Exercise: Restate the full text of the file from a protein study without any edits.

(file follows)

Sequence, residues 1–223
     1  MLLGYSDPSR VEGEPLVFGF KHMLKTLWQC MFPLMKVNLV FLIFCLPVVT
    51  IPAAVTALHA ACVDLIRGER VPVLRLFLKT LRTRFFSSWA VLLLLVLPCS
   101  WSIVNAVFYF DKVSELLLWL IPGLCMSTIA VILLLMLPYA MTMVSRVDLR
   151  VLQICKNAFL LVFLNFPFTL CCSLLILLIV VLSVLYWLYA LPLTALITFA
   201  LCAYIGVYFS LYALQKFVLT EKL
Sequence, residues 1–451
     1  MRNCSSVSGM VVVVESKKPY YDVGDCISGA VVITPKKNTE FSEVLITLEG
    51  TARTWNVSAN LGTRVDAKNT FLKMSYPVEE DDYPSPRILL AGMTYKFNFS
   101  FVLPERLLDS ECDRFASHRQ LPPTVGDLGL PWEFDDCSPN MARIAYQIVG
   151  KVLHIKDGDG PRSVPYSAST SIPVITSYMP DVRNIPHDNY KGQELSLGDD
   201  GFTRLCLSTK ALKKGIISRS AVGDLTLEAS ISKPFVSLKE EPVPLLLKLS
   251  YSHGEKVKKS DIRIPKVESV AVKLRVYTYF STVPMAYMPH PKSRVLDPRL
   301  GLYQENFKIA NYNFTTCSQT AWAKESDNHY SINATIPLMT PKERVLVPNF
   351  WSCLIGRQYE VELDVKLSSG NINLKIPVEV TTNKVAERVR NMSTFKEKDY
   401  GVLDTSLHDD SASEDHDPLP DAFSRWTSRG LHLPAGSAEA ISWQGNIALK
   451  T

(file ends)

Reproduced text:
Sequence, residues 1–223
     1  MLLGYSDPSR VEGEPLVFGF KHMLKTLWQC MFPLMKVNLV FLIFCLPVVT
    51  IPAAVTALHA ACVDLIRGER VPVLRLFLKT LRTRFFSSWA VLLLLVLPCS
   101  WSIVNAVFYF DKVSELLLWL IPGLCMSTIA VILLLMLPYA MTMVSRVDLR
   151  VLQICKNAFL LVFLNFPFTL CCSLLILLIV VLSVLYWLYA LPLTALITFA
   201  LCAYIGVYFS LYALQKFVLT EKL
Sequence, residues 1–451
     1  MRNCSSVSGM VVVVESKKPY YDVGDCISGA VVITPKKNTE FSEVLITLEG
    51  TARTWNVSAN LGTRVDAKNT FLKMSYPVEE DDYPSPRILL AGMTYKFNFS
   101  FVLPERLLDS ECDRFASHRQ LPPTVGDLGL PWEFDDCSPN MARIAYQIVG
   151  KVLHIKDGDG PRSVPYSAST SIPVITSYMP DVRNIPHDNY KGQELSLGDD
   201  GFTRLCLSTK ALKKGIISRS AVGDLTLEAS ISKPFVSLKE EPVPLLLKLS
   251  YSHGEKVKKS DIRIPKVESV AVKLRVYTYF STVPMAYMPH PKSRVLDPRL
   301  GLYQENFKIA NYNFTTCSQT AWAKESDNHY SINATIPLMT PKERVLVPNF
   351  WSCLIGRQYE VELDVKLSSG NINLKIPVEV TTNKVAERVR NMSTFKEKDY
   401  GVLDTSLHDD SASEDHDPLP DAFSRWTSRG LHLPAGSAEA ISWQGNIALK
   451  T